Voters Could Decide Next Year on Allowing Casinos in North Jersey

23 Dec 2015 | Author: | No comments yet »

Competing plans pass on proposals for 2 new casinos.

New Jersey’s assembly on Thursday approved Governor Chris Christie’s changes to legislation that Atlantic City needs to remain solvent this year, which now heads to the state senate for a vote.TRENTON — A pair of competing proposals to ask New Jersey voters to approve expanding casino gambling to the northern part of the state advanced in the state Legislature on Thursday — despite fears from south Jersey lawmakers that the plans would devastate already struggling Atlantic City.TRENTON, N.J. (AP) — State Senate president Steve Sweeney refused to back off his demands on ownership requirements for two casinos proposed for northern New Jersey as serious differences remained Thursday between competing plans for a statewide referendum on the topic. Christie’s conditions on a package of bills – including a set “Payment in Lieu of Taxes” for casinos and redirected aid for the city – aimed at keeping Atlantic City solvent and free of crushing tax appeals in future years.

Last month, Christie returned to legislators bills that would diverted some gambling funds that the struggling resort city was counting on to help close a $101 million deficit this year. Many suggest proponents of the change are rushing this through. “All of the studies that I have reviewed and everything that I’ve indicated is that it is ill advised, ill informed and ill timed right now,” Brown told colleagues. The legislative package also includes a measure that would establish fixed payments from casinos instead of levies based on real-estate values, which would prevent tax appeals that strain the city’s finances. “These bills are geared to stabilize the property taxes,” said Assemblyman Vincent Mazzeo, a Democrat who represents Atlantic City, Thursday on the floor before the vote. “It will help invigorate and get investment into Atlantic City.” The changes requested by Christie include having the state’s local finance board collect the revenue from the casinos and make its release dependent on the city’s fiscal progress.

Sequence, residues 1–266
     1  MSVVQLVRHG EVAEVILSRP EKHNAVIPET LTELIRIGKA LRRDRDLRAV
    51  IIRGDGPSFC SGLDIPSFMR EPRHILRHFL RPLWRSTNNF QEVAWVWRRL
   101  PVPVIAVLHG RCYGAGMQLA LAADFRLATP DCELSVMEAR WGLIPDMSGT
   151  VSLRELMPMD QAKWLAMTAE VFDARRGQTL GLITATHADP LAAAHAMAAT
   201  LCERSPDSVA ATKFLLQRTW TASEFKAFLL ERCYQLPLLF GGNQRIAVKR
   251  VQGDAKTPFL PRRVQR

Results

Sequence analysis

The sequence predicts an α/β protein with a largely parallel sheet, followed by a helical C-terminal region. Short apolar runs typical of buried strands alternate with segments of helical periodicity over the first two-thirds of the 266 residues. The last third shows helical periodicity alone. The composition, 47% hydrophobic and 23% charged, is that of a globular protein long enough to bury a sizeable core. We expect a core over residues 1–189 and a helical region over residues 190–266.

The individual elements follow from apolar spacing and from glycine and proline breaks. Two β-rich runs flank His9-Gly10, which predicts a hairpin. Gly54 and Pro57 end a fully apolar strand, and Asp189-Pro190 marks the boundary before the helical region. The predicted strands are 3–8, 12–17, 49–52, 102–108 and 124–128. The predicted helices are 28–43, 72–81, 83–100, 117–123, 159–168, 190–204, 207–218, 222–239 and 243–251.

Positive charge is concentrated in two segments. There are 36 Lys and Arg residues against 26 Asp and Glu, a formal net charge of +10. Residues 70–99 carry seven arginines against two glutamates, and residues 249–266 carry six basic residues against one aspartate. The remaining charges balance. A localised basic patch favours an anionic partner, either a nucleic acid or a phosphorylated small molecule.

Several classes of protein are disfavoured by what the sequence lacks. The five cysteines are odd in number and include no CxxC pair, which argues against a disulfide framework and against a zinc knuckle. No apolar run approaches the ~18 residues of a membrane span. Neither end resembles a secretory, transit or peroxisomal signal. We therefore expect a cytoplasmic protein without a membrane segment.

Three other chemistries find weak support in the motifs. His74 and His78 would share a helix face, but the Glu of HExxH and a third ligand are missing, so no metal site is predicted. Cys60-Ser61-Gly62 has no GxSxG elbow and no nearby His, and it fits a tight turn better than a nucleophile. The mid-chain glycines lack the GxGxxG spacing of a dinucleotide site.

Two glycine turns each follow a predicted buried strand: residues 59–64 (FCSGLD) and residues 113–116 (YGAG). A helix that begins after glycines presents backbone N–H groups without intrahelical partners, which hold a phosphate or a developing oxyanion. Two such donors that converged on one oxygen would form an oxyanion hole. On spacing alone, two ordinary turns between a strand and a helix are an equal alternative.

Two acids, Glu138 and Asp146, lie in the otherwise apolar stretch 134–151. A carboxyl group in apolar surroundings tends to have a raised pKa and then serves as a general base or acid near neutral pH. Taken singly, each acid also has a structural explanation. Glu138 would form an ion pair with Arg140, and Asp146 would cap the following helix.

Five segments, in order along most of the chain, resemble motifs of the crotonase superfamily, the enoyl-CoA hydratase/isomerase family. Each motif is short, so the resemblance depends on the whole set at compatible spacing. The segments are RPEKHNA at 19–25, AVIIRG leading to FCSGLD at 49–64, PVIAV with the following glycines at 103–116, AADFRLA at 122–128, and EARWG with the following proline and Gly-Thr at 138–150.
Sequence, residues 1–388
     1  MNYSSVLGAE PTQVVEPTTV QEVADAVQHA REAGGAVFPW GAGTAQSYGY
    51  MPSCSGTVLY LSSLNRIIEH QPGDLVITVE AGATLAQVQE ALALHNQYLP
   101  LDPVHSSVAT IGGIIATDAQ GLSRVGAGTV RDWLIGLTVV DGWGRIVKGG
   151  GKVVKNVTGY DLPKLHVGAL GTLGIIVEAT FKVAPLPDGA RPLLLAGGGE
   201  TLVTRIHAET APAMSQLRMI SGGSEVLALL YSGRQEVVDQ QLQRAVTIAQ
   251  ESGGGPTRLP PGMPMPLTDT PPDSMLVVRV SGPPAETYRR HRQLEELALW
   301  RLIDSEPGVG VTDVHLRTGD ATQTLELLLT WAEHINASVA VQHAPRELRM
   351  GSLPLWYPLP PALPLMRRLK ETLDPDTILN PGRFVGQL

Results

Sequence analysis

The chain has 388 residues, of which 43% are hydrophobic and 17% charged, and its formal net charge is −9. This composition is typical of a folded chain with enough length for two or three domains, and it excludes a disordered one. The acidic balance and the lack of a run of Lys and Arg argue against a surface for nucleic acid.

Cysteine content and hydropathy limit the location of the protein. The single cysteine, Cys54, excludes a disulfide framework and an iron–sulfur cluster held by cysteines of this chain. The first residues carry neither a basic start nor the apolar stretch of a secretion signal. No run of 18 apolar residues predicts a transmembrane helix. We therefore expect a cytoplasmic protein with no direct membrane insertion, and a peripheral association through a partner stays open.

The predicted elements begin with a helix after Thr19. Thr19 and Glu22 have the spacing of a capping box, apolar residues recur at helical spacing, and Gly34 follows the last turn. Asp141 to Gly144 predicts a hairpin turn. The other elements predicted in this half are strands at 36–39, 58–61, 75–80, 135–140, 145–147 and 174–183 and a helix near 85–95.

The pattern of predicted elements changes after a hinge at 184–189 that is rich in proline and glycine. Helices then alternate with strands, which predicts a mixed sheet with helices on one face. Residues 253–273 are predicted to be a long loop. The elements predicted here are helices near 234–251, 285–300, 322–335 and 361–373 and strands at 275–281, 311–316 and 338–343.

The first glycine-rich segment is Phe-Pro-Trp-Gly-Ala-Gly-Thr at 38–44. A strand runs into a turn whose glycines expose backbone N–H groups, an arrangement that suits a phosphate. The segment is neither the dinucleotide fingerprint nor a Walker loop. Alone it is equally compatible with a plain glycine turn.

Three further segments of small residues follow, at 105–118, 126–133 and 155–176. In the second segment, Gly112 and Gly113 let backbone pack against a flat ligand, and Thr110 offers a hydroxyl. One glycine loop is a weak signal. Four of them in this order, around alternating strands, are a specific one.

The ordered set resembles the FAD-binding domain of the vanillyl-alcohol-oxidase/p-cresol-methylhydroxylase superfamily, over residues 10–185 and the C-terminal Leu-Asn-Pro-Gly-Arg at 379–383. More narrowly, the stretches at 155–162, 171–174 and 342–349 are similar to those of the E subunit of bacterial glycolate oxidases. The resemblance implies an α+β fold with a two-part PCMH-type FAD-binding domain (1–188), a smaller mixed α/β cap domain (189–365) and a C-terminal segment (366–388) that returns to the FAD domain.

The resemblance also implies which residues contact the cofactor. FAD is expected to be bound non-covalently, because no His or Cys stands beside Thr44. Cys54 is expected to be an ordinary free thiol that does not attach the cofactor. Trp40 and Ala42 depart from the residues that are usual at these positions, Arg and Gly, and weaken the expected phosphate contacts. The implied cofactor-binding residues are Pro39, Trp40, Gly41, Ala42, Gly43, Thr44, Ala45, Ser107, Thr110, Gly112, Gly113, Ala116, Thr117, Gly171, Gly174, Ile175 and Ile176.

The main sponsor of the amendment in the Assembly, North Jersey Democrat Ralph Caputo, says the change is needed to stem other states like Pennsylvania and New York from siphoning off customers. “The only way we’re going to be able to save the gaming business in this state is allowing the voters, as they did in 1976, to make a decision about where they want to have gaming in this state,” Caputo said. If a unified plan is not decided by Monday, the Legislature could simply choose one of the two versions and vote on it next week. “I am not going to betray southern New Jersey and let Atlantic City fall into the ocean,” said Sweeney, a Gloucester County Democrat. “That’s not happening. I’m pretty strong where I’m at.” Sweeney said his insistence that both new casinos be owned by companies that already have an Atlantic City casino is essential to more tightly linking the casino industry in the north with Atlantic City, which continues to struggle from ever-increasing competition that forced four of its 12 casinos to shut down last year.